Generation Professionals Group
The Generation Professionals Group is for utility professionals who work in biomass, coal, gas/oil, hydro, natural gas, or nuclear power generation fields.
Delivering reliable electricity – nuclear plants just keep on running
- Oct 29, 2020 9:43 pm GMT
On October 22, 2020 Darlington Unit 1 achieved a milestone never achieved before by a nuclear power plant running for 1,000 days continuously without an outage, either unplanned or planned1. And it is still running. This unit, operated by Ontario Power Generation (OPG) secured the world record for continuous operations last month, when it hit 963 days to take over from the Kaiga 2 unit in India, the previous record holder at 962 days achieved in 2018. Kaiga took the record from Heysham 2 in the UK which reached 940 days in 2016 breaking the record set by the Canadian Pickering Unit 7 reactor 22 years earlier2.
Why does this matter?
The world runs on energy. We need it to keep warm (or cool, depending upon the climate), cook our food, light our homes, communicate with one another and travel from place to place; and to enable pretty much everything that drives our economies. We need this energy to be affordable and most of all, we need it be reliable. For most people in the developed world, we fully expect that when we flip the switch, the lights will come on. Not sometimes, but each and every time. We also want this energy to not harm the environment (although unfortunately we will concede on the environment rather than do without).
And there is no more reliable low carbon source of energy than from nuclear plants. Once in operation, they just run and run and run, like the energizer bunny. These plants run in bad weather and good, during the day and during the night, providing 24 / 7 electricity to their customers.
System reliability is not something we often think about until we experience an issue. It came as a shock to many this year when California suffered ongoing blackouts and energy shortages. There are many contributing factors to poor reliability as electricity grids are complex systems that require a never-ending balance between supply and demand, meaning a need for reliable generation and a robust transmission and distribution system. In this case, the California Independent System Operator described the conditions that caused demand to exceed available supply: scorching temperatures and diminished output from renewable sources and fossil-fuelled power plants when electricity was needed most.
The president of the system operator blamed the California Public Utilities Commission for not ordering companies to make available sufficient supply. A critical issue is the changing mix of generation with solar growing quickly without sufficient back up when the sun goes down and the air conditioning load remains high. This demonstrates that solar power alone cannot meet the future energy needs of large energy intense systems like that of California, and that reliability must always be considered as we make structural changes to these systems.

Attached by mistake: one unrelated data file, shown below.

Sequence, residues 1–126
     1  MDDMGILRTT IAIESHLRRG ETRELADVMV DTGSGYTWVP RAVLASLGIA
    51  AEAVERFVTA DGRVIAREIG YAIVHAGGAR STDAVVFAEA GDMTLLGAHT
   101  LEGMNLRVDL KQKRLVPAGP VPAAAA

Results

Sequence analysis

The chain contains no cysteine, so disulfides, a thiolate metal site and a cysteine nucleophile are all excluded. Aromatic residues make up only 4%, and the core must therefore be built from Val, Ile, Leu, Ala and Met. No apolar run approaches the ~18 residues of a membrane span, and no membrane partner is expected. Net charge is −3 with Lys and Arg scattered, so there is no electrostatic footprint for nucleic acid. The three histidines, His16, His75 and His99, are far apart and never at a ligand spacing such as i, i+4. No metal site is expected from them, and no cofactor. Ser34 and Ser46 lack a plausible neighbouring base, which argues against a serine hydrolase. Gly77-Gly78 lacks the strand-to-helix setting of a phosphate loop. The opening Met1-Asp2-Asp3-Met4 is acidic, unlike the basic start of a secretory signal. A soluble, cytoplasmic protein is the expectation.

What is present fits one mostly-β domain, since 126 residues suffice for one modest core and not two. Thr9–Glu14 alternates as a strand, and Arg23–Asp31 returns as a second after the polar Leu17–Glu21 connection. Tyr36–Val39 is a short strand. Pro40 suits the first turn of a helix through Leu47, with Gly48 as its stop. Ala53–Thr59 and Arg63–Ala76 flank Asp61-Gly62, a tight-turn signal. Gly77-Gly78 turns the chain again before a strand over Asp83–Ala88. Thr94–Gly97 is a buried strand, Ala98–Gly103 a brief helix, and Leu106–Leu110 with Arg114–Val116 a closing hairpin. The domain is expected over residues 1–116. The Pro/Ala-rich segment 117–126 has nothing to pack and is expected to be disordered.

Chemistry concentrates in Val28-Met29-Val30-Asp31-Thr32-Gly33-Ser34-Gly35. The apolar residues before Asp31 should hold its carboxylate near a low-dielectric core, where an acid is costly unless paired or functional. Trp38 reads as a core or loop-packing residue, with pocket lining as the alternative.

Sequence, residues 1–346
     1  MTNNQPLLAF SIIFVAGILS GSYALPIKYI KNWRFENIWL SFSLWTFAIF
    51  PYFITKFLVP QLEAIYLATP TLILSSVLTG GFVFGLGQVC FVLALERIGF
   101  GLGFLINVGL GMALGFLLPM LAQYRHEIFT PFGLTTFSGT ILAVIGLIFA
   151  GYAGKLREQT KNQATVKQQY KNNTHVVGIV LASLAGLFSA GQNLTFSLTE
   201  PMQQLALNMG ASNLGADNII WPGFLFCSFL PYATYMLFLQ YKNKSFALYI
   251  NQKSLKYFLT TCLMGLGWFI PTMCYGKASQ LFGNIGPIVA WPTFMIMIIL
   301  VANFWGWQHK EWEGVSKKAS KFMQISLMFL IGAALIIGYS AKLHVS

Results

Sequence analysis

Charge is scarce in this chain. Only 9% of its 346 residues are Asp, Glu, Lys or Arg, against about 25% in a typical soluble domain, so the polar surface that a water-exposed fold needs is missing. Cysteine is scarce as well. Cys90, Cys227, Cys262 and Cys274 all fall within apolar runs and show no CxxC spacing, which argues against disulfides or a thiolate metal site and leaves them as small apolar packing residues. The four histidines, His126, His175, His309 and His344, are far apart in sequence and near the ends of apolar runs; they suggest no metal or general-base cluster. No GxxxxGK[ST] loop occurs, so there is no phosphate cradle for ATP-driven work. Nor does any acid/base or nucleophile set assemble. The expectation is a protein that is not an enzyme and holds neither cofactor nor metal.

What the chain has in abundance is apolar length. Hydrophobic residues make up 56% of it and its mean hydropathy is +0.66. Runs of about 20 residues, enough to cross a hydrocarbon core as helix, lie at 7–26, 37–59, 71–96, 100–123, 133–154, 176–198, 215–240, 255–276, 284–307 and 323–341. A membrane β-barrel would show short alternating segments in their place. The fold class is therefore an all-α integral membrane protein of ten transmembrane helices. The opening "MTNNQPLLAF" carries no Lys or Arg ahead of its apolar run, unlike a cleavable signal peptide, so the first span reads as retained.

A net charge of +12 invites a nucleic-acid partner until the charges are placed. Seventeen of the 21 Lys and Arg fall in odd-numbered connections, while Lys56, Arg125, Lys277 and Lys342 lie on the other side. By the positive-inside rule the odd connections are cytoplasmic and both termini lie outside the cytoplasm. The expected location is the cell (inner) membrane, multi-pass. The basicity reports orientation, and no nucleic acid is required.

On the other hand, the US nuclear fleet continues to hum along providing 20% of the country’s electricity supply.
Once again in 2019, the US nuclear fleet operated at a very high capacity factor (the percentage of time the plant is producing compared to if it ran 100% of the time) achieving 93.4%. The US fleet continues this stellar performance, even as it is aging. For the past 20 years the fleet has produced in the range of 90% capacity factor or more, demonstrating how robust a technology nuclear power really is.
This is not just true of the US. It is true for the entire global nuclear fleet. As shown in the WNA Nuclear Performance report 2020, more than a third of the world’s plants operate at 90% capacity factor or above and a full two thirds operate at capacity factors greater than 80%.
Nuclear technology is so robust that this excellent performance is not restricted to one specific type of plant. Light water reactors, gas cooled reactors, heavy water reactors – they all operate great. The distinguishing factor is more related to the expertise and excellence of the individual operator and to specific local market conditions, not to any specific technology. International cooperation through organizations like INPO (Institute of Nuclear Power Operators) and WANO (World Association of Nuclear Operators) ensure best practices are shared and that all have access to the tools they need to achieve a high level of performance. This is an industry that collaborates to ensure continuous improvement across the global fleet.
What really demonstrates the strength of nuclear technology is the continued strong performance, even as the plants age. Heysham achieved it record run at 28 years of age and Darlington Unit 1 is 30 years old with only a year or so left before going down for refurbishment and a life extension outage. Many would expect that the life cycle of a nuclear plant would look like an inverted bathtub, with less than average performance when it is new as the kinks are worked out and then declining performance with age as it nears its end of life. But this is not the case. Nuclear plants run well when they are new, when they are middle aged and actually tend to run their very best as they get old.
Need reliable electricity supply even when the sun is not shining, and the wind is not blowing? When it comes to reliable low carbon electricity, nuclear plants set the bar very high. They just run and run and run some more…….
1 Every station in Canada had at least one unit set a station performance record this year.
2 It should be noted that the AGR units in the UK and the PHWR units in Canada and India use on-power fuelling, so they are not limited by the need for refuelling outages.
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